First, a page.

Drayton senior recalls journey across Atlantic ocean

DRAYTON – Bill Vanlenthe has always had a passion for boating. 

When he was 15 and living in Holland, he made a small wooden paddle boat with friends. It was the beginning of something he could not have imagined at the time. 

In 1965, he immigrated to Canada and eventually started his business, Bill’s Stabling, which manufactured livestock housing equipment. The company eventually became BSM manufacturing, which he sold off between 1999 and 2001. 

“When I immigrated here, I bought a little 15-foot plywood boat with a 25-horsepower motor,” Vanlenthe said. 

“We did some waterskiing with it and then I upgraded to an 18-foot cedar strip boat with a 35-horse motor,” he added. 

 “My friends and I did a lot of cruising on the lakes around here – Belwood Lake, Conestogo Lake – and then I got married and never thought about boating again, until about the mid 1980s.”

Vanlenthe, now 75, described having what boat owners sometimes refer to as “two-foot-itus” – a condition that begins with the initial purchase of a boat followed by an annual urge to upgrade to a boat that’s two feet longer.

By the time he retired, he’d made his way up to a 53-foot Carver.

He never lost his love for boating, and in 2007 Vanlenthe and his wife Joanne decided to take a trip around the Great Loop, a system of waterways that encompasses eastern United States and part of Canada. 

While returning home from Florida, as he made his way through the Intracoastal Waterway, Vanlenthe came across a 44-foot Kadey-Krogen and was inspired to trade in the Carver for it. 

“The Carver was a nice boat, but it would never have made it halfway across the Atlantic. It was a sexy boat, but Le Rêve was a ship.”

It was during this trip that Vanlenthe became interested in crossing the Atlantic. 

Originally, he’d wanted to purchase a boat in Holland and bring it back across the ocean, but given differences in manufacturing, it would have been difficult to sell in the North American market. 

The name Le Rêve (the dream) was chosen after Vanlenthe heard the story about the Huguenots arriving in Holland to avoid persecution in the North of France. Their dream had been one of freedom. 

With preparations complete, supplies laid in, and the course mapped out, the crew of five men assembled and the voyage began. 

They set off for the distant shores of Europe at around 8am on June 6, 2008. 

The trip would take approximately 26 days, travelling 3,885 miles at a speed of about 5.7 knots, or  10.5km/h.

Le Rêve put out to sea from Atlantic Highlands, NJ on its way to Ijmuiden, Holland. 

The voyage was done in three legs, heading first to Horta on the island of Faial in the Azores. On the second leg they would continue to Plymouth, England and finally to Ijmuiden.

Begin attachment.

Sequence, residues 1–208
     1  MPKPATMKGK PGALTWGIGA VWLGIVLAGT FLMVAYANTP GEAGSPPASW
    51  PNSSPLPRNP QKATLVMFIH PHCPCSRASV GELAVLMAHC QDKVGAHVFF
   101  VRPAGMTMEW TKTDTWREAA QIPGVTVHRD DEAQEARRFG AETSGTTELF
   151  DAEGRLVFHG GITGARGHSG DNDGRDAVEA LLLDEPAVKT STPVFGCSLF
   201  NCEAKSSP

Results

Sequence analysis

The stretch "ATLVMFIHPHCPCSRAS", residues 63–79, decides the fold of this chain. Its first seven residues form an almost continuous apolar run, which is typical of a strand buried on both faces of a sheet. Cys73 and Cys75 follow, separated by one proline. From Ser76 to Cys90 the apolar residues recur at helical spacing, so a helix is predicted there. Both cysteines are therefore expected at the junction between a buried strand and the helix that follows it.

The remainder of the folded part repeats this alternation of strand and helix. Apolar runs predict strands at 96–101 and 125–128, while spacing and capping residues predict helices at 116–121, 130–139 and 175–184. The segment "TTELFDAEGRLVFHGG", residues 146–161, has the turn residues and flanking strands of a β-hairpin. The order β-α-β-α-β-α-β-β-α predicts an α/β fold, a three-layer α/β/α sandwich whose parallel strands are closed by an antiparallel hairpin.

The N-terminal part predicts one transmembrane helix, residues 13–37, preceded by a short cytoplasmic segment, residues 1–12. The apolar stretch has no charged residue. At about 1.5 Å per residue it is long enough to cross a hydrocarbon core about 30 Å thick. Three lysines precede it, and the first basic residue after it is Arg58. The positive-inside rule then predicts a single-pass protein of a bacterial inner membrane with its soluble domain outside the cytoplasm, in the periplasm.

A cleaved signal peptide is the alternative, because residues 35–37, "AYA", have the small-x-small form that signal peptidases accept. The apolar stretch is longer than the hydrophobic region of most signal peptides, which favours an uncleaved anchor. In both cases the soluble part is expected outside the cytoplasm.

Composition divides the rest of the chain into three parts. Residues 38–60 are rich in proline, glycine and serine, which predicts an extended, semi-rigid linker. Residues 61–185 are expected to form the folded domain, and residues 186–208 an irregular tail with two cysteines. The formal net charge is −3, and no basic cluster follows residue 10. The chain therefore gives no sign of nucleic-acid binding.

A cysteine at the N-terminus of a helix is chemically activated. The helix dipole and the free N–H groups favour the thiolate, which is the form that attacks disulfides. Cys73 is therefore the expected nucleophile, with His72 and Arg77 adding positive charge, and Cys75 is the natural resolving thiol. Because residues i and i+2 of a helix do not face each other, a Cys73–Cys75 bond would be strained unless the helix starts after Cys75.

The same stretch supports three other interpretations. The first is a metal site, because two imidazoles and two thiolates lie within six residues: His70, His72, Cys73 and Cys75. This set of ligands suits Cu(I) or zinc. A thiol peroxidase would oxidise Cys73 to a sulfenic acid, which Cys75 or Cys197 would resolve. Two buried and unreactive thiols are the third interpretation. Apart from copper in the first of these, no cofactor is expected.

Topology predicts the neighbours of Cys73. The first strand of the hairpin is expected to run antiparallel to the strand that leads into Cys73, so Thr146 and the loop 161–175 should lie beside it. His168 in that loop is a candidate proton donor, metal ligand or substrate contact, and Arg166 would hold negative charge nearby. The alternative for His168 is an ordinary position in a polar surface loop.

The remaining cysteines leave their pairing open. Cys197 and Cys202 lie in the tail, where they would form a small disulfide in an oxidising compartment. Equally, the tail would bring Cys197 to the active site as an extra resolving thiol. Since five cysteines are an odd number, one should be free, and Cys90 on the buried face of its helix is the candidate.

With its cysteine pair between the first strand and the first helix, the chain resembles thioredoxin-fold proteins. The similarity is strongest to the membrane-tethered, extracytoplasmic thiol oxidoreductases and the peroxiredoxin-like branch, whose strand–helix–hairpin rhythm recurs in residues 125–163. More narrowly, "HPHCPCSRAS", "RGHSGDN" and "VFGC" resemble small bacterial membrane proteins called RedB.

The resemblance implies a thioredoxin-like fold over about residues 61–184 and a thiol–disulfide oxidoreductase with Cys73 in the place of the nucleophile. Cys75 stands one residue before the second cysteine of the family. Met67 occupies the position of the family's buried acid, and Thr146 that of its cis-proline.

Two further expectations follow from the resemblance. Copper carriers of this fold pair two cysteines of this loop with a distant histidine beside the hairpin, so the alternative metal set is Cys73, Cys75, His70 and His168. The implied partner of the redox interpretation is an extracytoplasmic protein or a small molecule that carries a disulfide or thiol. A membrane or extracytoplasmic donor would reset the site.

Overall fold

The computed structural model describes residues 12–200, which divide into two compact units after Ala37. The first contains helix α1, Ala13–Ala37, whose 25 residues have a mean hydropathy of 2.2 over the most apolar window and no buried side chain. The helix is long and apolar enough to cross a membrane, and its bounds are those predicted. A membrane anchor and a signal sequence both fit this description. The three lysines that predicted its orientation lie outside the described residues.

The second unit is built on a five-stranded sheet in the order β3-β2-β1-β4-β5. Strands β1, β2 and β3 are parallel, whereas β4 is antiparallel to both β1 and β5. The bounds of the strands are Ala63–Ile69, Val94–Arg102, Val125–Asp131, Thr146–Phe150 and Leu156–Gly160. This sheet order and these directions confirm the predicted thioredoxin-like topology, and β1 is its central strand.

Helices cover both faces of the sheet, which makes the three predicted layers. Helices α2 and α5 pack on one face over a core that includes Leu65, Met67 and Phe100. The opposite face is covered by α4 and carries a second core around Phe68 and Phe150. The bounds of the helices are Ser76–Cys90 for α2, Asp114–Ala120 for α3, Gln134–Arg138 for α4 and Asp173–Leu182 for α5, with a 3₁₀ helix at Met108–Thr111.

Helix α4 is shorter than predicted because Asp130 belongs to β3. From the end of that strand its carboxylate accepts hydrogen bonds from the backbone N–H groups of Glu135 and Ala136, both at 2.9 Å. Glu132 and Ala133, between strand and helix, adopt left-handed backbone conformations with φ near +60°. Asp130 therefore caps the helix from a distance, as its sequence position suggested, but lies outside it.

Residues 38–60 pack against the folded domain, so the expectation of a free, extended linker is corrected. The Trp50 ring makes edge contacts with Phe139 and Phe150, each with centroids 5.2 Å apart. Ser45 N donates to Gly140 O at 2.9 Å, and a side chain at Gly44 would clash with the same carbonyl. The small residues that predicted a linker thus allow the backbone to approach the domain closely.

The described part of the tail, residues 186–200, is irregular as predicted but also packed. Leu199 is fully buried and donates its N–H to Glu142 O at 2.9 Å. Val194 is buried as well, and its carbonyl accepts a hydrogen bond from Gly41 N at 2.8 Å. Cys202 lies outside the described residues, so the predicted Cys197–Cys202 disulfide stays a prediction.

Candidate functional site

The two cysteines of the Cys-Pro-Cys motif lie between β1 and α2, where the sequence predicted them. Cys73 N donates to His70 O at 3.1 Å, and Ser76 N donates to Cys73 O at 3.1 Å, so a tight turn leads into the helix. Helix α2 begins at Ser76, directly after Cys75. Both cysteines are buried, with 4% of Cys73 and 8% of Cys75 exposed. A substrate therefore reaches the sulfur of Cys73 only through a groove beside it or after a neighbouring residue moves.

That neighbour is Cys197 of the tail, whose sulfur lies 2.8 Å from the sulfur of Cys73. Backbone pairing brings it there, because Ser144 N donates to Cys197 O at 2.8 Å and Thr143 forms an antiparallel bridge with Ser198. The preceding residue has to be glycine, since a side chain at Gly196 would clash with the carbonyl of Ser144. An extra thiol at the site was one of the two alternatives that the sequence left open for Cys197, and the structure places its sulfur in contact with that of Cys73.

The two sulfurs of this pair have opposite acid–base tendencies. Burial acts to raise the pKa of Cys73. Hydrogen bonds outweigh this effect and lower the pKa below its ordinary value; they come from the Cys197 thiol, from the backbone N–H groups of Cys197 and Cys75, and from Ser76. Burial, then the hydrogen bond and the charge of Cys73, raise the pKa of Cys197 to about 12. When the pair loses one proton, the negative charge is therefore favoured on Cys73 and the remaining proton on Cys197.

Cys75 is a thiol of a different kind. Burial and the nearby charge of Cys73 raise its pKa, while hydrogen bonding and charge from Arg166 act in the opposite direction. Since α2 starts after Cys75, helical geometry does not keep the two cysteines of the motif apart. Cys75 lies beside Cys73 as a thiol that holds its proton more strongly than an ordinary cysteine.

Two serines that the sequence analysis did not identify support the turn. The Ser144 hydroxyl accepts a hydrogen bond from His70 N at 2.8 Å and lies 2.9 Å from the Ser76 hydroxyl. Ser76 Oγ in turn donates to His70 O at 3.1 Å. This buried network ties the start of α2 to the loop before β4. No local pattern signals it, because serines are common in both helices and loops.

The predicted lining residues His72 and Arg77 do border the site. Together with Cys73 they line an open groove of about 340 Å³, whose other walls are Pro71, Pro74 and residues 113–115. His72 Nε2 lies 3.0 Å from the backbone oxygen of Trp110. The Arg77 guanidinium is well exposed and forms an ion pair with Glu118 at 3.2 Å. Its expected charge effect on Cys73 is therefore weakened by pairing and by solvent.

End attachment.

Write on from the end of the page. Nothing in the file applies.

The trip to Horta took a few days longer than expected. Typically, the route across the Atlantic (south of 40 degrees lat.) is calm with clear skies. 

Le Rêve and its crew saw only a few such days. Most of the trip was rainy, foggy, and windy. Vanlenthe had anticipated seas with substantial waves, but nothing like what they experienced. 

“People would ask ‘Oh, did you come across any storms?’, and I’d tell them ‘Only one – it started the day we left and lasted for the whole trip.’”

Vanlenthe said some of the crew had 100-ton commercial boating licenses, but the sea was sometimes so rough they were scared stiff. They encountered waves  at least 17-feet high, that would break against the side of the boat.

Calm waters – Le Rêve rounds the breakwater as it heads into port. Photo by Riek Kok

“In the middle of the Atlantic there is no light pollution, and normally you can see for miles,” he said.

“For most of the crossing we couldn’t see our hand in front of our eyes. We had thunder and lightning, and it was constantly gray and miserable.”

There was always someone on the crew keeping watch, 24 hours a day, with a schedule drawn up of eight shifts. Surprisingly, not all boats crossing the ocean keep a continuous watch. 

“Some boats, especially sailing vessels who are crossing single handed, or at best with two crew on board do not always value watch-keeping.”

The first few nights the crew hardly slept. It was so rough in the main cabin that Vanlenthe swore there were times there was a space between him and the bed. 

Even after getting used to the rough seas, he woke up one morning to find the ship miles off course. 

“I said, ‘what the heck are we doing here?’” The crew had been following the waves, as it was easier on the movement of the boat. 

“If they’d kept following the seas, we would have ended up in Africa.”